In this article, Des Morrison, chairperson of the ICMSA’s livestock committee, explores why EU beef prices are rising, and UK beef prices are stable at a time when Irish beef prices are falling.
I am once again pointing to the bluntly suspicious development that has beef prices either rising or stable all over Europe – except for Ireland.
Yet again, Irish factories – uniquely in Europe – had managed to find a reason to cut the prices they paid to the farmer.
Falling beef prices
The average reported Irish R3 steer price as of August 6th, 2022, was €4.81/kg excluding VAT, which was down 42c/kg from June 25th, six weeks previously.
Over the same period, the EU price for young bulls increased 7c/kg from €4.91/kg to €4.98/kg excluding VAT, whilst the UK steer price remained at €5.22/kg ex VAT.
Why is Ireland yet again the exception where our prices fall? Every market we sell into or bear any comparison to has either stable or rising prices, but our factories have cut the price they pay us.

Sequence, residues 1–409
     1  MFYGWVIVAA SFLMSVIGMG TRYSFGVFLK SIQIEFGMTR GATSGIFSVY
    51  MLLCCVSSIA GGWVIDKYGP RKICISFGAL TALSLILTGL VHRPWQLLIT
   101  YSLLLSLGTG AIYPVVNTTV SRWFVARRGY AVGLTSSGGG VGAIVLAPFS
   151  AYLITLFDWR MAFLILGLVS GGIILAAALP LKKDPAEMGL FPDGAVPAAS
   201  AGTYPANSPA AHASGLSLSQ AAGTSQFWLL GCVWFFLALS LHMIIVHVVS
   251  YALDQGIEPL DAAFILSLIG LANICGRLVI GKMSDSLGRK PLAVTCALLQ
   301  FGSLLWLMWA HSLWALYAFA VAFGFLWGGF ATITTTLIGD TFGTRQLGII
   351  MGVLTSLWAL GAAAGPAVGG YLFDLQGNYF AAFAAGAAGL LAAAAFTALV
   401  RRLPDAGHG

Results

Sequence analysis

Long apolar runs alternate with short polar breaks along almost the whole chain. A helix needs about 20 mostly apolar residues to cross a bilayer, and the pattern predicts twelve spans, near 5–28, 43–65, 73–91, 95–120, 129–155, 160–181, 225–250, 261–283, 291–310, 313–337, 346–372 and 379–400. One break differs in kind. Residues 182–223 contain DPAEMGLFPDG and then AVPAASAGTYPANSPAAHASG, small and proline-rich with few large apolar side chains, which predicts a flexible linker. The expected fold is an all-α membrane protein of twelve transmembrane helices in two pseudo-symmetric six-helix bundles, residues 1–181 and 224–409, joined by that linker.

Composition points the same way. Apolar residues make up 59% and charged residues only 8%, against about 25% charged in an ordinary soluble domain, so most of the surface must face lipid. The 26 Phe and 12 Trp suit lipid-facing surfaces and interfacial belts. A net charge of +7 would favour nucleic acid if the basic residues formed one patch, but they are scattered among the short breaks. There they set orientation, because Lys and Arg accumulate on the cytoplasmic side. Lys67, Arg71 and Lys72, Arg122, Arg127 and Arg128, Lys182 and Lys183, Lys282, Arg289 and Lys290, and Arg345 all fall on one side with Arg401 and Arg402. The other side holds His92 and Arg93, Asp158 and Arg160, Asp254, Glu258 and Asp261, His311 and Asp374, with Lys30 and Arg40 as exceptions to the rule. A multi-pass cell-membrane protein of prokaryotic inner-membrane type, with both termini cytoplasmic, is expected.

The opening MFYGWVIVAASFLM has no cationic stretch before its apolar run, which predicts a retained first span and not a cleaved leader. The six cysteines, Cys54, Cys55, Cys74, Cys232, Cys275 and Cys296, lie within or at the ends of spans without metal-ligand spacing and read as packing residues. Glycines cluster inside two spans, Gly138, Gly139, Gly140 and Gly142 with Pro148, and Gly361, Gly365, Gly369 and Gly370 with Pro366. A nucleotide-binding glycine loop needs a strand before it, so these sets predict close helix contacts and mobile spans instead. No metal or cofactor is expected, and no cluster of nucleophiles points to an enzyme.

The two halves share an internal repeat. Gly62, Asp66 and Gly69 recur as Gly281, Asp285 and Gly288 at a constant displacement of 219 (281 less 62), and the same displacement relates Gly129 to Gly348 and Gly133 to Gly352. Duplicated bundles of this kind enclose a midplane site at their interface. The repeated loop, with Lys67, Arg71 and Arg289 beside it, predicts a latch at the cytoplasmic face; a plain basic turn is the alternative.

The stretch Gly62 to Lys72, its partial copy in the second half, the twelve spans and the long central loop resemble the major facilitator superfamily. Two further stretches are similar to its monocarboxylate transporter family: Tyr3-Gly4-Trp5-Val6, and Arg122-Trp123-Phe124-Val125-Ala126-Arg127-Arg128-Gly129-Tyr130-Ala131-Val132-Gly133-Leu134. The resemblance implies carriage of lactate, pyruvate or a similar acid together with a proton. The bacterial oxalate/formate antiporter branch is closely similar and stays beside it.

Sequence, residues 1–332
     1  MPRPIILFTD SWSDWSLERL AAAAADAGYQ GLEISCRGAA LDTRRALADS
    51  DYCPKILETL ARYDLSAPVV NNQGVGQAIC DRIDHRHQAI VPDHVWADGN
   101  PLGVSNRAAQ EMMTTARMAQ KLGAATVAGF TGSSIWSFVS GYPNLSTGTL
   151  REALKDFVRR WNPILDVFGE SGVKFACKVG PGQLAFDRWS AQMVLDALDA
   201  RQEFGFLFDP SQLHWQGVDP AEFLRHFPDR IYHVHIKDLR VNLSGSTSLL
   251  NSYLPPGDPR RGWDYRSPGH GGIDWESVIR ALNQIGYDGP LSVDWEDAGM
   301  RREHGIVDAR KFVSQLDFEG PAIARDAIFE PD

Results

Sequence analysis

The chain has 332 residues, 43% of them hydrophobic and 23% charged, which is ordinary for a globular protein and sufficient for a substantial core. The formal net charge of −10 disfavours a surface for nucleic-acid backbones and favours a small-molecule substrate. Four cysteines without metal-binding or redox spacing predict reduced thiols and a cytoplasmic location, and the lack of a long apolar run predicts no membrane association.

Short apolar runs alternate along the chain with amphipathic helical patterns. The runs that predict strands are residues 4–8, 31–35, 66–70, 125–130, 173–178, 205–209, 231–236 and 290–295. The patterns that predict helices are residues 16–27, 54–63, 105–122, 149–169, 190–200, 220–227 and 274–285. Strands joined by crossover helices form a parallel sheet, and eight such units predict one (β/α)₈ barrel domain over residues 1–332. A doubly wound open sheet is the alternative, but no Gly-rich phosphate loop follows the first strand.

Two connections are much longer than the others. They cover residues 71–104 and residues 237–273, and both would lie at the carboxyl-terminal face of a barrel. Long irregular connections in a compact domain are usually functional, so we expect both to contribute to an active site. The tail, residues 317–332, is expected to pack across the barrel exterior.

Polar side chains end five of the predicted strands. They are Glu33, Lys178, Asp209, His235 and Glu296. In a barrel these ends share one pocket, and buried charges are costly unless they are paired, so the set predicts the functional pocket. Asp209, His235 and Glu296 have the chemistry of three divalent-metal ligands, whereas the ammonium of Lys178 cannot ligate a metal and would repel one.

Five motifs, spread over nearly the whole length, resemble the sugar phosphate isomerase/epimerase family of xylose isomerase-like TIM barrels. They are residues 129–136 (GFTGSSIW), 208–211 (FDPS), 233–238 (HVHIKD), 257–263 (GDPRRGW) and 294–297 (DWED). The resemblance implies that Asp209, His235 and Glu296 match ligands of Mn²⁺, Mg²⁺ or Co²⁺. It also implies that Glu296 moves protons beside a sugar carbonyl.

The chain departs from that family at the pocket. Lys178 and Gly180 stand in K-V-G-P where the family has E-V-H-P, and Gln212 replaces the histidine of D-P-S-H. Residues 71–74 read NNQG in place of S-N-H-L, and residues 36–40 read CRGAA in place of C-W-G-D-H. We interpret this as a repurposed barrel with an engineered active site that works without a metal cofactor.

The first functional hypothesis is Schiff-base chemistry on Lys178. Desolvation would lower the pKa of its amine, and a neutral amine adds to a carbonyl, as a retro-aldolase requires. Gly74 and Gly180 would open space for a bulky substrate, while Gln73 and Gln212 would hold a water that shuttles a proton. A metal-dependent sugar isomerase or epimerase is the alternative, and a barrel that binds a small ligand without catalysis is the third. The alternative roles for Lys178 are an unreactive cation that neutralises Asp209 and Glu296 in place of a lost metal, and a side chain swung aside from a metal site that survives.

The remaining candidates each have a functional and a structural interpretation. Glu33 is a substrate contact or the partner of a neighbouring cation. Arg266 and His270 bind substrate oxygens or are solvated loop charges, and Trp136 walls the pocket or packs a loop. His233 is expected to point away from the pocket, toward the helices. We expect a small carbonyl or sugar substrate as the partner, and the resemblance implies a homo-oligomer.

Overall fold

Every enquiry and review into our beef sector just comes up against this mystery where our beef prices seem to be deliberately disconnected from everyone else’s, and we want to know why.
The Irish average prices recorded for R3 prime male cattle in the same period in 2021 was 38c above the European average, so that the fall year-on-year is even more drastic and mysterious.
The very least that Irish beef producers deserve is the EU average price, and Irish processors need to get up to that immediately.
“Steady” is how the LMC (Livestock and Meat Commission) described the beef trade (prices) across Northern Ireland last week (August 2022).
Base quotes from local processors for in-spec U-3 grade steers and heifers stood at 410-424p/kg this week.
Despite a downward trajectory in recent weeks, it expects plants to place between 412-434p/kg on the table this week.
Meanwhile, quotes for O+3 grade cows varied from 330-374p/kg in NI last week. Unlike the expected increase in prime cattle prices, it expects quotes to vary from 330-360p/kg this week.
Read more on this news article.